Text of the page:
Ask a major league baseball manager what team member is most valuable and he is likely to answer, “my utility player”. Rarely a famous media star, a utility player is a flexible athlete who can, at short notice, skillfully play many positions. If a star player is sick or injured a utility man fills the gap.
New Hampshire Reds are the “utility player” chicken breed. They may not be the absolutely most prolific layer, the fastest growing broiler, the most beautifully colored chicken, or the very best broody hen. But, they are darn good at all of them. That may be due to their heritage.
New Hampshire Reds have characteristics of the Granite State, the place where breeders developed them about a century ago. Although a small state, New Hampshire ranges from the lofty White Mountains to the sandy Atlantic seashore. Its climate varies from bone chilling winters to hot humid summers. Until relatively recently it was a land of small farms owned by rugged, independent Americans who raised crops, made maple syrup, and tended sheep, cattle, hogs, and chickens. That varied landscape and climate helped form one of the most versatile of chicken breeds.
New Hampshire Red breeders may have envied fellow New Englanders in nearby Rhode Island. They had developed the Rhode Island Red, a breed that quickly gained worldwide fame for its amazingly laying ability. New Hampshire poultry breeders decided to create a breed with a different purpose, one that would grow faster than the Rhode Island Red yet still produce plenty of eggs. They succeeded, and the New Hampshire Red was accepted into the American Poultry Association’s Standard of Perfection in 1935.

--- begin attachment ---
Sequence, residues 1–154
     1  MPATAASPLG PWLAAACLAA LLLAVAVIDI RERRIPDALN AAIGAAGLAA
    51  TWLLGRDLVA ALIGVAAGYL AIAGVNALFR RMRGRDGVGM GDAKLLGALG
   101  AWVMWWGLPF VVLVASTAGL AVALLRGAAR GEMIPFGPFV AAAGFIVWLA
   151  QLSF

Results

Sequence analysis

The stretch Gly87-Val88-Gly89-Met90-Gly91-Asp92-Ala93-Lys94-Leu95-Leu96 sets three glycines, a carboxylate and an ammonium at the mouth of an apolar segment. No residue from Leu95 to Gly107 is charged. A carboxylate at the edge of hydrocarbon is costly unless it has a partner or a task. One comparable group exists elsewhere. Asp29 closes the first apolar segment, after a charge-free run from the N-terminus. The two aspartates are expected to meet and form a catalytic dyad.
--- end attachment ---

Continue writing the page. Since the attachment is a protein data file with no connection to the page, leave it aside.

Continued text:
Before the development of the Cornish Rock and other fast-growing chickens, the New Hampshire was the champion broiler. It grew faster than most other heritage breeds and was the center of many delicious Sunday dinners.
Although meat production was the goal, New Hampshire Reds are not laying slouches. They are a versatile backyard bird. Hardy and hardworking, hens lay at least 200 eggs a year. Bred to thrive in small flocks in New Hampshire’s varied weather they thrive in backyard flocks anywhere. New Hampshires are decent layers, pleasant to be around, and fast growing.
Although both the New Hampshire and Rhode Island Reds share the same-colored feathers, their shades of red are different. New Hampshire’s have a light hue, almost rusty or honey colored, while Rhode Island Reds are more of a deep mahogany red. A few New Hampshire’s strutting around the backyard can look golden in the sunshine.
Hoover’s Hatchery offers a strain of the New Hampshire Red that’s tough to beat in a backyard flock.